U.S. stocks closed solidly higher Thursday after American and Chinese officials declared a tentative resumption of tariff talks, viewed by Wall Street as a sign of progress in the yearlong trade conflict between the economic superpowers.
Also helping boost sentiment were a series of bullish economic reports, including data from ADP estimating the private sector added 195,000 jobs in August, and a better-than-expected reading on activity in the U.S. services sector.
How did the major benchmarks perform?
The Dow Jones Industrial Average /zigman2/quotes/210598065/realtime DJIA -0.15% rose 372.68 points, or 1.4%, to 26,728.15, while the S&P 500 index /zigman2/quotes/210599714/realtime SPX -0.36% advanced 38.2 points, or 1.3%, to reach 2,975.98. The Nasdaq Composite Index /zigman2/quotes/210598365/realtime COMP -0.72% rose 139.95 points to 8,116.83, a gain of 1.8%.
The Dow’s rally marks its sharpest point and percentage gain since Aug. 13, according to FactSet data. The Nasdaq notched its best gain since Aug. 13, while S&P 500 performed better than any trading day since Aug. 16.
What drove the market?
China’s Commerce Ministry, in a statement , said that Beijing and Washington had set a tentative date for “early October” after a conference call between Vice Premier Liu He and U.S. Trade Representative Robert Lighthizer, according to translated version of the text .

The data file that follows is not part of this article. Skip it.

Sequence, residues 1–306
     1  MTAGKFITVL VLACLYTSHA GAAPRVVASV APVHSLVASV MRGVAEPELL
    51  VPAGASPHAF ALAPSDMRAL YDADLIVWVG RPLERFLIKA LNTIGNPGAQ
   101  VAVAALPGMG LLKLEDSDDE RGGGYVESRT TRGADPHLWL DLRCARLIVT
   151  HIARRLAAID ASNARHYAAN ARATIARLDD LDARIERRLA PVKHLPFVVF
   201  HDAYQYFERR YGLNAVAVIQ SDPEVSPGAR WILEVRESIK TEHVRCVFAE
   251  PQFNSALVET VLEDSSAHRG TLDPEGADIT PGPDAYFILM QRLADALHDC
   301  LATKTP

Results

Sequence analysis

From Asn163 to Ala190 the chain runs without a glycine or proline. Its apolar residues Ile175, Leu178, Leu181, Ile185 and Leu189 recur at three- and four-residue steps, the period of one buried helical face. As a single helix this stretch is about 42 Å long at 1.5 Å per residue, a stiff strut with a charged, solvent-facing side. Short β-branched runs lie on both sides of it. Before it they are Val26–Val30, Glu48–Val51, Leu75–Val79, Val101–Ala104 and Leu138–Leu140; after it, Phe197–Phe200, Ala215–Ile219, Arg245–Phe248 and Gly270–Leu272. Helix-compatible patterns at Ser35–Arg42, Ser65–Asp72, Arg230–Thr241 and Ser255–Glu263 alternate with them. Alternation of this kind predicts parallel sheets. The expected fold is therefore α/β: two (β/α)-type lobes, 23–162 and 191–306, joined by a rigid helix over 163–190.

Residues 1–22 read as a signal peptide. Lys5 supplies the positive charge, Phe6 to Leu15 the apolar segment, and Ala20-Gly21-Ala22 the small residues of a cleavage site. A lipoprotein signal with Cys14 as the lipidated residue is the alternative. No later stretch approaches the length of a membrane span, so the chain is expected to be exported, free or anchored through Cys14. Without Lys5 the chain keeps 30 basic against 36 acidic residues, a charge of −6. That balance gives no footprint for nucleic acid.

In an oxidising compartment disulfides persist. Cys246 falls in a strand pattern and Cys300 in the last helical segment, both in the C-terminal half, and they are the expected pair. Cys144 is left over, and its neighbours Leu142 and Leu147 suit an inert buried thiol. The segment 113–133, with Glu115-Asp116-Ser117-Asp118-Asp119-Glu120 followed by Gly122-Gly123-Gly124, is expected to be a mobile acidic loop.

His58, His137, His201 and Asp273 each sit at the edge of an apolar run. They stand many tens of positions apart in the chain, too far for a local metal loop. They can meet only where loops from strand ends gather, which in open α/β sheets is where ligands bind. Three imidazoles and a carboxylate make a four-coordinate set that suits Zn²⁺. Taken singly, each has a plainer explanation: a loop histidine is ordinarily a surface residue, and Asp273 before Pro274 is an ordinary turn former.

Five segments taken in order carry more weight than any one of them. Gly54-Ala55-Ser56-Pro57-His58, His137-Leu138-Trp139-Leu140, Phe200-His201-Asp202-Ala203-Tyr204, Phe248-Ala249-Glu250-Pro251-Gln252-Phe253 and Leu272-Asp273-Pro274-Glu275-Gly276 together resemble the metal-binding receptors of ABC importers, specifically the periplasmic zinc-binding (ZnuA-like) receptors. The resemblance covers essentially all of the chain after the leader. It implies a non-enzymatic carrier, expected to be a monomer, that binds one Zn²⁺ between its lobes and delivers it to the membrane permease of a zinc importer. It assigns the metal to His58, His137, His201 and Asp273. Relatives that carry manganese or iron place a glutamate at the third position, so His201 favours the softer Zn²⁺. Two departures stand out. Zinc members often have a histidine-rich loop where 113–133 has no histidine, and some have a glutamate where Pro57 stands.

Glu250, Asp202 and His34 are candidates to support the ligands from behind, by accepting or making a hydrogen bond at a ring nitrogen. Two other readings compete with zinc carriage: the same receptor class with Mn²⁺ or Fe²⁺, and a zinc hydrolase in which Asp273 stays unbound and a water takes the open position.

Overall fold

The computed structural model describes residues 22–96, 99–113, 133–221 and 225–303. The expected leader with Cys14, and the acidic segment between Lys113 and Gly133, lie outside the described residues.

U.S. trade officials confirmed the talks and noted that both sides must hold discussions with lower-level officials to lay the groundwork for more serious negotiations to take place next month.
The communication between China and the U.S. comes after tariffs were raised by both sides over the weekend and another increase is set to take place in the coming weeks. The tariff dispute between the world’s two largest economies has proved to be a crucial driver for market sentiment because the trade battle has put pressure on the global economies and threatened to throw the U.S. into a recession.
A new round of Sino-American trade negotiations had been expected in September until President Donald Trump announced an increase to import duties and China declared retaliatory measures.
“Putting to one side the fact that these talks were supposed to be happening this month, and the fact that this has been a familiar pattern for two years now, markets still prefer to take an optimistic view,” wrote Michael Hewson, chief market analyst at CMC Markets, in a Thursday research note.
However, the analyst said that the recent news on trade developments reflects a familiar playbook in which the market rallies and then falls on reports of stalled progress.